The Ahmedabad Income-tax Appellate Tribunal held that a corporate guarantee made by a parent company for a subsidiary is not in the nature of a “provision for service” (but was more in the nature of “shareholder activities / quasi capital”) and thus could not be defined as an “international transaction” under India’s tax law. Accordingly, the tribunal rejected a transfer pricing adjustment determined with respect to the guarantee, by further distinguishing a corporate guarantee from a bank guarantee.
The case is: Micro Ink Ltd. v. ACIT (ITA No. 2873/Ahd/10)
The taxpayer issued various corporate guarantees on behalf of its subsidiaries for no consideration. The taxpayer’s position was that these guarantees did not cost the taxpayer anything; no charges were recovered with respect to the guarantees; and the guarantees were in the nature of corporate guarantees / quasi capital and not in the nature of any services.
On audit, the Transfer Pricing Officer made an adjustment by computing the arm’s length price of the corporate guarantee at a rate of 2%. The taxpayer sought administrative review, but the Dispute Resolution Panel upheld the transfer pricing assessment, relying in part on the OECD Transfer Pricing Guidelines for Multinational Permanent Establishments. The taxpayer filed for judicial review by the tribunal.
The tribunal concluded that when a taxpayer extends a guarantee as financial assistance to a related entity, and the guarantee costs the taxpayer nothing, such assistance does not have a bearing on the taxpayer’s profits, income, losses or assets. Accordingly, the guarantee is outside the definition of “international transaction” under section 92B(1) and is not subject to the transfer pricing provisions.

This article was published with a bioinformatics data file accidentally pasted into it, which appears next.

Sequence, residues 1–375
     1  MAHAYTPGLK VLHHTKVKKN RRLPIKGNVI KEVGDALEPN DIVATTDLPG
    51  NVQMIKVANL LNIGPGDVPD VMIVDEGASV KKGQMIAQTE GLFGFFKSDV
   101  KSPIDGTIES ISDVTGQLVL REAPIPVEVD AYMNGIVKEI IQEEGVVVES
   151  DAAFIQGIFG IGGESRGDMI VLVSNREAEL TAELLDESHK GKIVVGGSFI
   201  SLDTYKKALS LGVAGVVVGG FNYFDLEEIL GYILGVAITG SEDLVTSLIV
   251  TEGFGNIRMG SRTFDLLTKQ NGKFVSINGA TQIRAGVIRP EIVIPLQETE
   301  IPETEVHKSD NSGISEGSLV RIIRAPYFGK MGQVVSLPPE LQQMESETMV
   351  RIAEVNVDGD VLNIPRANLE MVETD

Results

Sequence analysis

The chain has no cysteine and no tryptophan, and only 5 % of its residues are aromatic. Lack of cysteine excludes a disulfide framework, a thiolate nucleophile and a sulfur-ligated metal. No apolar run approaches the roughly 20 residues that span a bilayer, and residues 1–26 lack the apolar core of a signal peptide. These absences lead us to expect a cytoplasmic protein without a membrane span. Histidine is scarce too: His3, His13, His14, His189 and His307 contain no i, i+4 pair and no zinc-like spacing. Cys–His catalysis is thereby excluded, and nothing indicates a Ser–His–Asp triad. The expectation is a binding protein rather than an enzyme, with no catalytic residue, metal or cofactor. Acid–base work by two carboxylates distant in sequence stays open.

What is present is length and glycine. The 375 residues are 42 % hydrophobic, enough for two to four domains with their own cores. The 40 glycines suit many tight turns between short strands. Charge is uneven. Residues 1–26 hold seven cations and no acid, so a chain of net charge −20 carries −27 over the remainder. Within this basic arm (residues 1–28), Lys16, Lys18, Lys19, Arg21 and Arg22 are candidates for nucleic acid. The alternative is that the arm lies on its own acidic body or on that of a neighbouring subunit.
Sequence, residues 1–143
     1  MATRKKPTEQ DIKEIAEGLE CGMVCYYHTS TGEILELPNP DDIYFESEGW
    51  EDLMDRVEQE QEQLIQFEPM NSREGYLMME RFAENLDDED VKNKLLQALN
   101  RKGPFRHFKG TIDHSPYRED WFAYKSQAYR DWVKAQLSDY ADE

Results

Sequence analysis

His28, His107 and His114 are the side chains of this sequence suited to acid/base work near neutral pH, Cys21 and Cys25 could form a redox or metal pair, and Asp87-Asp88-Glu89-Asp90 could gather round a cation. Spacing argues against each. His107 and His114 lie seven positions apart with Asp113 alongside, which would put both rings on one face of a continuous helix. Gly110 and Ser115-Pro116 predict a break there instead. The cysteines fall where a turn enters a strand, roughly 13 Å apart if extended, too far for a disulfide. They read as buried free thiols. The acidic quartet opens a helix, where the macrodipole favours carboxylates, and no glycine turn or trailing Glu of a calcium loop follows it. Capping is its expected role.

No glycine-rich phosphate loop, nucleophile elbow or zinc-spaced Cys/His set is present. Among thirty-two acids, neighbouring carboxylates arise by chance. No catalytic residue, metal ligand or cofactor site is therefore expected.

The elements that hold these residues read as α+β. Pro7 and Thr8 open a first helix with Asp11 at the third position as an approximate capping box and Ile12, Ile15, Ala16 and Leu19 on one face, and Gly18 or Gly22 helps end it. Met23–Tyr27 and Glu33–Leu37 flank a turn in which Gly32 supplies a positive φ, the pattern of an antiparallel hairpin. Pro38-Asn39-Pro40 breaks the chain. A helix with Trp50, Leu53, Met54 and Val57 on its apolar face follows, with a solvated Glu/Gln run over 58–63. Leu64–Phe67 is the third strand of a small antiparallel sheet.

Read a December 2015 report [PDF 374 KB] prepared by the KPMG member firm in India: Issue of corporate guarantee is in the nature of ‘shareholder activities’ / ‘quasi capital’ and thus, could not be include within the ambit of ‘provision for services’ under the definition of ‘international transaction’ under Section 92B of the Income-tax Act, 1961
© 2017 KPMG International Cooperative (“KPMG International”), a Swiss entity. Member firms of the KPMG network of independent firms are affiliated with KPMG International. KPMG International provides no client services. No member firm has any authority to obligate or bind KPMG International or any other member firm vis-à-vis third parties, nor does KPMG International have any such authority to obligate or bind any member firm. All rights reserved.
The KPMG logo and name are trademarks of KPMG International. KPMG International is a Swiss cooperative that serves as a coordinating entity for a network of independent member firms. KPMG International provides no audit or other client services. Such services are provided solely by member firms in their respective geographic areas. KPMG International and its member firms are legally distinct and separate entities. They are not and nothing contained herein shall be construed to place these entities in the relationship of parents, subsidiaries, agents, partners, or joint venturers. No member firm has any authority (actual, apparent, implied or otherwise) to obligate or bind KPMG International or any member firm in any manner whatsoever. The information contained in herein is of a general nature and is not intended to address the circumstances of any particular individual or entity. Although we endeavor to provide accurate and timely information, there can be no guarantee that such information is accurate as of the date it is received or that it will continue to be accurate in the future. No one should act on such information without appropriate professional advice after a thorough examination of the particular situation. For more information, contact KPMG's Federal Tax Legislative and Regulatory Services Group at: + 1 202 533 4366, 1801 K Street NW, Washington, DC 20006.